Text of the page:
GMC is demanding a recount in the mayor's race. In GMC's latest TV commercials, GMC engineers compare their Sierra with the new Dodge Ram. Before the closing retail pitch, the voiceover says: "If this is the mayor of Truckville, maybe it's time for a recount." Since the Ram went on sale last September, Dodge's marketing theme has been a fictitious truck village of which the Ram is mayor. It is the 12th spot since GMC started the comparisons in February 2001.
THEY'LL TAKE MANHATTAN - One sign that things are looking up at General Motors: GM will reward top dealers with a trip to New York May 13-15, a step up from the regional luncheons held for honorees last year. GM is picking up the tab for winners of the Jack Smith Award, which recognizes the top 100 dealerships for sales and customer satisfaction. "This year we decided to do a nice event in New York with wives," said spokeswoman Marcia McGee. One dealer making the trip sees it as part of increased GM spending to recognize dealers and salespeople: "Years ago, they almost thought recognition was something they could cut out of the budget. They're bringing all that stuff back again."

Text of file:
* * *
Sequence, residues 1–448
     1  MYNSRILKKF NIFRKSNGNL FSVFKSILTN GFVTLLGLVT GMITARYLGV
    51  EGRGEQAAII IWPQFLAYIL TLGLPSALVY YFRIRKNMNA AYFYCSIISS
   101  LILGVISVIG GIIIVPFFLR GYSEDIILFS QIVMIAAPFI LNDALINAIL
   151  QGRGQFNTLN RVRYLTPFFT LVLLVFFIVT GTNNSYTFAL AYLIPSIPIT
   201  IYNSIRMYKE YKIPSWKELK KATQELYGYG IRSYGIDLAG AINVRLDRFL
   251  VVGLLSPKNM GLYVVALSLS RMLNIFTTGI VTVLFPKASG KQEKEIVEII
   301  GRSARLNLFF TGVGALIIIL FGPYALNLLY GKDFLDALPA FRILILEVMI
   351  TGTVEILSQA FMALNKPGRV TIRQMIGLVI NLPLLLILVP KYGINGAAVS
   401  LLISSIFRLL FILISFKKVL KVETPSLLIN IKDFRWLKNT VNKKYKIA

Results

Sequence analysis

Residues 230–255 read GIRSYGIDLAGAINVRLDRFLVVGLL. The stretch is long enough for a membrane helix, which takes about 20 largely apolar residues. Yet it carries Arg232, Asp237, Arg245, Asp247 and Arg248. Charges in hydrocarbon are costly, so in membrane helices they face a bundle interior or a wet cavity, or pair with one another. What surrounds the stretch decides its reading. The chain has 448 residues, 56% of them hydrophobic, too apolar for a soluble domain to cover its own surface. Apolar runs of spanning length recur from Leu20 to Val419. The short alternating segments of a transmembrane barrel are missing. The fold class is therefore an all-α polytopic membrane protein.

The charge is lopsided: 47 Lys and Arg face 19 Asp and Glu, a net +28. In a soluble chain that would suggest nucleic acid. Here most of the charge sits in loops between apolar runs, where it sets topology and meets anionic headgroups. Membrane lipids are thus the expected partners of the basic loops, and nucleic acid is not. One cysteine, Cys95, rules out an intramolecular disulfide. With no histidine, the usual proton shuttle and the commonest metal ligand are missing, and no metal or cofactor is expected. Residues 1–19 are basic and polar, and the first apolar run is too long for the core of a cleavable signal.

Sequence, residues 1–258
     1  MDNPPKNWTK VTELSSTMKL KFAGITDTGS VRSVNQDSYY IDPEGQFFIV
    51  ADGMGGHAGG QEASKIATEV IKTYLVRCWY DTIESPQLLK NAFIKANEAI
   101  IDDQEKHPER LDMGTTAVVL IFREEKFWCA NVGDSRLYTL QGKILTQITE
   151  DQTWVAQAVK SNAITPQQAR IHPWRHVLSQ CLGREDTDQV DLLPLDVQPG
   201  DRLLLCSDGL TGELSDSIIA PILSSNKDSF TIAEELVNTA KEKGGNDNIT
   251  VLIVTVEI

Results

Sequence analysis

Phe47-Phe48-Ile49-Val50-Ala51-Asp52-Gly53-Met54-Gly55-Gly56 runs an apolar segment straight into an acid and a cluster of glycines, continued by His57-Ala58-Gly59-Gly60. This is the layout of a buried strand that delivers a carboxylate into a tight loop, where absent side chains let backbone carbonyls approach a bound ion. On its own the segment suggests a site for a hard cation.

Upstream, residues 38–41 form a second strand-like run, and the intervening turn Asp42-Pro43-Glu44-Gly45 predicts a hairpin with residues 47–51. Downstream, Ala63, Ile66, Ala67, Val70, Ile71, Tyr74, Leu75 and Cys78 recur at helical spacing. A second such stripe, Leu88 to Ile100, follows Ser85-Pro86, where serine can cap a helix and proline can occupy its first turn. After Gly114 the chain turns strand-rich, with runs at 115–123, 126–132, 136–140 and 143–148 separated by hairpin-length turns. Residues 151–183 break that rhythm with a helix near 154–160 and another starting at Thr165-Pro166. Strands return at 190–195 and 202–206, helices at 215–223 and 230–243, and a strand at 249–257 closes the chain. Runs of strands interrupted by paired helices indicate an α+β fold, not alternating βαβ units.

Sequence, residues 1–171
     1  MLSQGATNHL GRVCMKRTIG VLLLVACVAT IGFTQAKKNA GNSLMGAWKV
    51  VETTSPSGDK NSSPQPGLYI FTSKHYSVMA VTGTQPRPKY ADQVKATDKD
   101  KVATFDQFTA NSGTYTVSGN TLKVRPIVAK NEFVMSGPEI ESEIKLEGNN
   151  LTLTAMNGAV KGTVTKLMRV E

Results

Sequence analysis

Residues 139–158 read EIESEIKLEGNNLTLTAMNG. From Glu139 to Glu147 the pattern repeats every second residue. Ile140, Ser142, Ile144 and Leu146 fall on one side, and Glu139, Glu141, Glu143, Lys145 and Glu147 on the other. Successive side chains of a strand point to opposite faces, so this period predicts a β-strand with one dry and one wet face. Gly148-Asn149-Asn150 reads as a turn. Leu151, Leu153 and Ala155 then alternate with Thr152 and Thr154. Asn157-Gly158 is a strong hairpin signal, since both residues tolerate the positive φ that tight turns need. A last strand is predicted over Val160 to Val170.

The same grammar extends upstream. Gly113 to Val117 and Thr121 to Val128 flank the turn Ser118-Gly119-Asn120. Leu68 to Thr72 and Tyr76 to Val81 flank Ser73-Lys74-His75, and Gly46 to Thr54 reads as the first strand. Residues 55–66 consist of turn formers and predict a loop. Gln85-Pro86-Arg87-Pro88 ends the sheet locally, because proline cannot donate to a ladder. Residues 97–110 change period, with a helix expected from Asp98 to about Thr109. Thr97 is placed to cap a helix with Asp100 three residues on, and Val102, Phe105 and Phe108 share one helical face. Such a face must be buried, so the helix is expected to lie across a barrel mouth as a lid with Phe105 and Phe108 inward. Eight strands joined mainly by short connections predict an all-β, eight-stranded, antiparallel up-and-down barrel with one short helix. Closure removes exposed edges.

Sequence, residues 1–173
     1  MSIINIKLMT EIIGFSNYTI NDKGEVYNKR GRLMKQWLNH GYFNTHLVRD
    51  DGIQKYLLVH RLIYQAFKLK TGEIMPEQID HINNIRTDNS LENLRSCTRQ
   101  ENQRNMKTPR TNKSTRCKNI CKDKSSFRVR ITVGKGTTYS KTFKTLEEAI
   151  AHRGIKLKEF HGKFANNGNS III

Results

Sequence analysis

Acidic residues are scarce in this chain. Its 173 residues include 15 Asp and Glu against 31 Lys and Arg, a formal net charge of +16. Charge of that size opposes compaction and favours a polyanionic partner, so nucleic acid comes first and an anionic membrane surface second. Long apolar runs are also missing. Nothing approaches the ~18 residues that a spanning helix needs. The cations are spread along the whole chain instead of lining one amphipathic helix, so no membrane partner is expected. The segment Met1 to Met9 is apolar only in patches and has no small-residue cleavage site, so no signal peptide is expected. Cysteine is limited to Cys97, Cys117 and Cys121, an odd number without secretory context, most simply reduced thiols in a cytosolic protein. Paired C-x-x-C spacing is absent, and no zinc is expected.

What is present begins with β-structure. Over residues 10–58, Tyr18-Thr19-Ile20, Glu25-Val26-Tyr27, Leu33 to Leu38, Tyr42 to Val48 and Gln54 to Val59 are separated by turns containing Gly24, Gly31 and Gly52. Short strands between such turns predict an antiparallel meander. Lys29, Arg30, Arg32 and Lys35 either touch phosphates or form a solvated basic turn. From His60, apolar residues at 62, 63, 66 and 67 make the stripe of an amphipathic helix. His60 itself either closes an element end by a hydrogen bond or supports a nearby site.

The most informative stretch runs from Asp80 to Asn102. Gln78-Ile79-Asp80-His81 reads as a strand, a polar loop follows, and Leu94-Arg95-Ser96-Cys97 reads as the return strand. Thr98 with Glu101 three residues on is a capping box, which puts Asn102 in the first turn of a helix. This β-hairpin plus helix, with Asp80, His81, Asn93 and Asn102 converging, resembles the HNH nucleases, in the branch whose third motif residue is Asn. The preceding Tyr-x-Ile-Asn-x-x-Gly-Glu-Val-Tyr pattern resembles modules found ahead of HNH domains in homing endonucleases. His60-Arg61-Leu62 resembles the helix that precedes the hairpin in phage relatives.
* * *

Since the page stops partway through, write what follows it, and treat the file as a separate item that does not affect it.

SLIGHTLY OFF TRACK - Advanced-technology common-rail diesel engines are found in roughly four out of every 10 cars sold in Western Europe but are almost unheard of in Japan. So it perhaps is understandable that Denso Corp.'s announcement last week that it will start making common-rail diesel components in Thailand and Hungary was reworded in a story by Japan's Jiji News Service as a plan "to make rail-train components."
BETTER THAN GERITOL - Get a Viper and you get the girl, according to a print ad from Dodge. The ad shows a cadaverous male motorist with his beaming, busty and much younger bride, in front of a shiny Viper. The tag line: "Need we say more?" The rich-old-guy/young-fortune-hunter stereotype hasn't drawn the ire of feminists or the elderly, says Julie Roehm, director of Dodge communications. "We love it," she says of the ad. "It so well depicts 'Grab life by the horns,' " a Dodge slogan. The ad, aimed at young male buyers susceptible to the notion that the hot car gets the girl, has been running in auto buff books and appeared in the swimsuit issue of Sports Illustrated.